If you begin to develop these or any other potential symptoms of mesothelioma, you should consult with a qualified medical professional as soon as possible. The sooner you can start treatment for mesothelioma, the better your chances are of slowing the progression of the disease, so do not hesitate to take action if you believe you may have been exposed to asbestos and you begin exhibiting any symptoms of this dangerous disease.

Asbestos Exposure

Anyone who worked with or around asbestos could develop one of the harmful forms of mesothelioma cancer, however, the following workers are more likely to have encountered asbestos in their careers:

  • Construction workers
  • Contract workers
  • Factory employees
  • Military personnel
  • Railroad workers
  • Veterans

Another set of individuals that may face a higher risk of mesothelioma development are veterans. Many military tools, vehicles, and ships used asbestos as a durable construction material and the dedicated men and women that came in contact with asbestos during their military careers may now be showing signs of mesothelioma development.

Because asbestos was used so widely and for so long, an incredibly large number of Americans are thought to be at risk. If you feel that you may have been exposed to asbestos or are now experiencing symptoms of mesothelioma, it is important that you consult with a medical professional as soon as possible.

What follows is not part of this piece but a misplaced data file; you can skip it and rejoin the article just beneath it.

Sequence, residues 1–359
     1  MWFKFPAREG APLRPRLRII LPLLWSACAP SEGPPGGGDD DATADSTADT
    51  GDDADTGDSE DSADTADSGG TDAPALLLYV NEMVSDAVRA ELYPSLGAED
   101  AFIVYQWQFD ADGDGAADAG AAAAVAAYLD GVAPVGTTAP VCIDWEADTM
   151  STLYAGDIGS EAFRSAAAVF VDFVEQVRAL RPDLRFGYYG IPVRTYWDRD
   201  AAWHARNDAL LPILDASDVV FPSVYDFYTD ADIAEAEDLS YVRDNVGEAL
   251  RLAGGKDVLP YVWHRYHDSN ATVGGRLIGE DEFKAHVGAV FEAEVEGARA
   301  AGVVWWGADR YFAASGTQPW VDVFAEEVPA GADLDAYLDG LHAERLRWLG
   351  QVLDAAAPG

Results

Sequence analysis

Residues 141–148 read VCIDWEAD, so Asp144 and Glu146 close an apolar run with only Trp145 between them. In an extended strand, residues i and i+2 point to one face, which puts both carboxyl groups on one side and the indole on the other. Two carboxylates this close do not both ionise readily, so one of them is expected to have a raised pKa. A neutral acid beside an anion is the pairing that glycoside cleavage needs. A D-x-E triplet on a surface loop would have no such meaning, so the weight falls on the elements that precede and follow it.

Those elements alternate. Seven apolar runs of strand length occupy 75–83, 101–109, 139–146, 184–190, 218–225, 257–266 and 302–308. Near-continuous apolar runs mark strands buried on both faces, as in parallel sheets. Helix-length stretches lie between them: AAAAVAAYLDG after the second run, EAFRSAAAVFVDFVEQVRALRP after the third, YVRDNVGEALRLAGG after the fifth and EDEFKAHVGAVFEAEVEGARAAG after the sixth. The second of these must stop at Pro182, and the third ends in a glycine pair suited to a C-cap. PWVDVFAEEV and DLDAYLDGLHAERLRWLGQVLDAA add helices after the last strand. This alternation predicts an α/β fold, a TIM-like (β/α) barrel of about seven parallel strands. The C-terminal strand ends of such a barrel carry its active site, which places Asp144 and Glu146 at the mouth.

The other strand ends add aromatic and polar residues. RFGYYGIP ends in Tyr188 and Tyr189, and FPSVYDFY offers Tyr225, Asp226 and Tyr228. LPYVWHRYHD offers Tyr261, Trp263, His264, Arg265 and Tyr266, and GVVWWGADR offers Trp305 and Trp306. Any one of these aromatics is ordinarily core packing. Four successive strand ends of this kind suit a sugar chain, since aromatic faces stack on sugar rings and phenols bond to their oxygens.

Learn More About Mesothelioma

The following information can be used to gain a deeper understanding of how mesothelioma affects the body and what you can do to treat this disease. For further information on any of the following topics, feel free to contact our team at any point:

Besides mesothelioma, asbestos can cause other disorders such as lung cancer and asbestosis. People who develop these conditions have just as much right as mesothelioma victims to take legal action. If you or a loved one suspects that asbestos may have played a role in your condition, contact a Houston mesothelioma attorney right away to discuss your options.

Contact Us

A Texas mesothelioma lawsuit attorney can tell you more about your rights as a mesothelioma patient or family member of a mesothelioma victim. Contact the experienced staff of Williams Hart & Boundas today to tell us your story.

Disclaimer: This material is provided for informational purposes only. The provision of this material does not create an attorney-client relationship between the firm and the reader and does not constitute legal advice. Legal advice must be tailored to the specific circumstances of each case, and the contents of this newsletter are not a substitute for legal counsel. Do not take action in reliance on the contents of this material without seeking the advice of counsel.

The information contained in this blog may or may not reflect the most current legal developments. Accordingly, information in this blog is not promised or guaranteed to be correct or complete, and should not be relied upon as such. Readers should conduct their own appropriate legal research.